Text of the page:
What’s the best way for me to dry my hands? Is an electric or stove-top kettle better? What is the carbon footprint of a mortgage? If you’ve ever wondered these kinds of questions, then you’ll be pleased to know that finally you can have an answer. Mike Berners-Lee uses his experiences modelling the carbon footprint of the likes of Booths supermarkets to do the painfully complex analyses of everything from a toilet roll to the World Cup. You’ll be relieved to know that the while he provides succinct methodology explanations, the nitty-gritty calculations have been left out, giving you just the best estimate for the UK-specific carbon footprint. Although it’s great to know that a 250 g block of hard cheese has a footprint of 3 kg of carbon dioxide equivalent, what does that actually mean? Berners-Lee translates the numbers into more tangible quantities, giving you that sense of scale. For example, that cheese is equivalent to a 4-mile drive or 12 kg of carrots – a footprint higher than many meats. The point of the book is to put this all in perspective, to help you choose which environmental battles to pick. Continue reading “How Bad are Bananas?”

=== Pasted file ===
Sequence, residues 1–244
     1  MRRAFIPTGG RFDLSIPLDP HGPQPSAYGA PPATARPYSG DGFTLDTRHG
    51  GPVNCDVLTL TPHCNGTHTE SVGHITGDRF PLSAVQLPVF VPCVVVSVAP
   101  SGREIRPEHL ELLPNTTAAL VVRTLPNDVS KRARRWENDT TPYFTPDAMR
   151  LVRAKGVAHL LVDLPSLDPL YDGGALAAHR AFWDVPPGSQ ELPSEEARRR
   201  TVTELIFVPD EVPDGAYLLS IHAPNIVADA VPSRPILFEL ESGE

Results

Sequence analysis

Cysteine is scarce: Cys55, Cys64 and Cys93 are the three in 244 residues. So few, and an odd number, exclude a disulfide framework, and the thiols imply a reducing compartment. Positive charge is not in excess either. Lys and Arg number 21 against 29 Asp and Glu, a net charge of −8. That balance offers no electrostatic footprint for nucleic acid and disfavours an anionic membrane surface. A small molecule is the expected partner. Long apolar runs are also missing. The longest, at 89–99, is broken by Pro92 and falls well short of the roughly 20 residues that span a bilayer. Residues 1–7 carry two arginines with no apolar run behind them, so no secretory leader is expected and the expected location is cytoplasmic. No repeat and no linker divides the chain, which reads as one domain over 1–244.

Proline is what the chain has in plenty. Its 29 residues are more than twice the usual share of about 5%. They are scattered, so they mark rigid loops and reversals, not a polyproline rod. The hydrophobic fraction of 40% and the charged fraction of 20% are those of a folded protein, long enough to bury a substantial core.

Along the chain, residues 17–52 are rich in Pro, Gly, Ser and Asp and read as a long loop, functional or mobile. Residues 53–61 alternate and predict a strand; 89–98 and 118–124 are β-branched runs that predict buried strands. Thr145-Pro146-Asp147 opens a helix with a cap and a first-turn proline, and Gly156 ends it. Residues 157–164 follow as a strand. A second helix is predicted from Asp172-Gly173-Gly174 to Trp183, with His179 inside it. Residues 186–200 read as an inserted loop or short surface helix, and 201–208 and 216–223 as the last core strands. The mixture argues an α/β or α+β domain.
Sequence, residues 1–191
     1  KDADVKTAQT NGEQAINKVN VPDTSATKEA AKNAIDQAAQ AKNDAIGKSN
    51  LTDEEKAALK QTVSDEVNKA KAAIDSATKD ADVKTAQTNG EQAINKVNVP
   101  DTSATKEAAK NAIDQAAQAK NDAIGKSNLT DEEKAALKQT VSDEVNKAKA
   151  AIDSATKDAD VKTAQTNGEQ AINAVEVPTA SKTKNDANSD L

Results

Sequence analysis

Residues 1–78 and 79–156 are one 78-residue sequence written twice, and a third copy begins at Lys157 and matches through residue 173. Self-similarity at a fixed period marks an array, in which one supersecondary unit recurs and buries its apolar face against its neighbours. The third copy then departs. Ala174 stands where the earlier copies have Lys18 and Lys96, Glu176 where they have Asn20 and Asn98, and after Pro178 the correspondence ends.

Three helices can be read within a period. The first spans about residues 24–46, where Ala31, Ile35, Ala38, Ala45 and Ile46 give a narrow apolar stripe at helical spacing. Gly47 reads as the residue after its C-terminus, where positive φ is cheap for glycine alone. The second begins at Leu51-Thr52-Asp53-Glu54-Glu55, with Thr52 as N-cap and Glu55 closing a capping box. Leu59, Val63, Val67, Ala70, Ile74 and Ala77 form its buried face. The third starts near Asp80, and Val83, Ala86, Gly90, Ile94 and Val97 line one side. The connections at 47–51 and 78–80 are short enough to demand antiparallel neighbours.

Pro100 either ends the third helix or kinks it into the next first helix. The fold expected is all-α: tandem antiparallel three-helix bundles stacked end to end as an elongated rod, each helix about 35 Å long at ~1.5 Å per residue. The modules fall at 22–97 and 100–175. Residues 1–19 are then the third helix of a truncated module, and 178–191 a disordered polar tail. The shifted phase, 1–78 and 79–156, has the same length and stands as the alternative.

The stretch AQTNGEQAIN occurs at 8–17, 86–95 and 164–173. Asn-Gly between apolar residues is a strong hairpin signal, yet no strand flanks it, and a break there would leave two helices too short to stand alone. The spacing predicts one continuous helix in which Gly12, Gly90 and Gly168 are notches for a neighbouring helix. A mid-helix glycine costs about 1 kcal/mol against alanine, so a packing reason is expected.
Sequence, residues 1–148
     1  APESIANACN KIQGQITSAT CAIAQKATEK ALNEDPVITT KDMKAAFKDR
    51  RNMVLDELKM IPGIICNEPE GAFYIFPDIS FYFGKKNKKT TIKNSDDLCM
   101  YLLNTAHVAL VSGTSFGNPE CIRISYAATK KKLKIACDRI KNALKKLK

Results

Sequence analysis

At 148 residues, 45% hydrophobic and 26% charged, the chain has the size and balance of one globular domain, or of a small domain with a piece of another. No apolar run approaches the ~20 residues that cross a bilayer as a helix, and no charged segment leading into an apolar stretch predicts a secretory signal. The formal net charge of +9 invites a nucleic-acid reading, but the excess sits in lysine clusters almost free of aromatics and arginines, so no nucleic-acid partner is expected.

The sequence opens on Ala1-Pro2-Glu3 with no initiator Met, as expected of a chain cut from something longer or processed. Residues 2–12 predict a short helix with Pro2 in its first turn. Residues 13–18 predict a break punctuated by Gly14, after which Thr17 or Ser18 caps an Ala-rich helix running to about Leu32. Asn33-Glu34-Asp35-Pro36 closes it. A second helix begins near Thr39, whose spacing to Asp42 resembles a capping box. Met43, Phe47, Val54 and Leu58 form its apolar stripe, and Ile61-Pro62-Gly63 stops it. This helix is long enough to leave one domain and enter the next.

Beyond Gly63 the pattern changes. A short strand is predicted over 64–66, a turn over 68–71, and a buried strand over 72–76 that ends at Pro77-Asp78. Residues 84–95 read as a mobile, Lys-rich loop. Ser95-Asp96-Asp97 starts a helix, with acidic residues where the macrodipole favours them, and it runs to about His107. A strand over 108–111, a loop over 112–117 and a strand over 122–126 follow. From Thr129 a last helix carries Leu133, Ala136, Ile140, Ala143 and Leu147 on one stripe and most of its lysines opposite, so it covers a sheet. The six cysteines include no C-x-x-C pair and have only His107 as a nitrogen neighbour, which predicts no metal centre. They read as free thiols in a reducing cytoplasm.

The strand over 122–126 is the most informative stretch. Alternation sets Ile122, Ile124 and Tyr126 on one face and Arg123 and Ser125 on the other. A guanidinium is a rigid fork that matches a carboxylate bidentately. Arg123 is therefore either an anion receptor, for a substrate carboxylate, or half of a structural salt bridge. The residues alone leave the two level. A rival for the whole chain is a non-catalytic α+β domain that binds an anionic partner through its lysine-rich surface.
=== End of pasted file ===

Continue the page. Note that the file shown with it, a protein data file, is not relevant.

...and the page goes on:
Ok, I’ll admit it. I’m a class addict. At 8 pm every evening an alarm rings, along with my family chanting “Kill! Kill!”, which is my que to quickly book on to next week’s popular gym class. I’m gutted if I miss out on a space and my life is essentially planned according to the gym timetable. So when my gym announced the “21 Classes in 21 Days Challenge” last month, I was thinking hey, no problem. But there was a catch. There was a set number of each class you were required to do. You mean, I actually have to step out of my comfort zone? After some deliberation, I decided to go for it. In all honesty, I am definitely guilty of not mixing up my gym routine enough and I know my fitness and strength levels have plateaued. Maybe this was the motivation to finally try something new… Continue reading “Classy”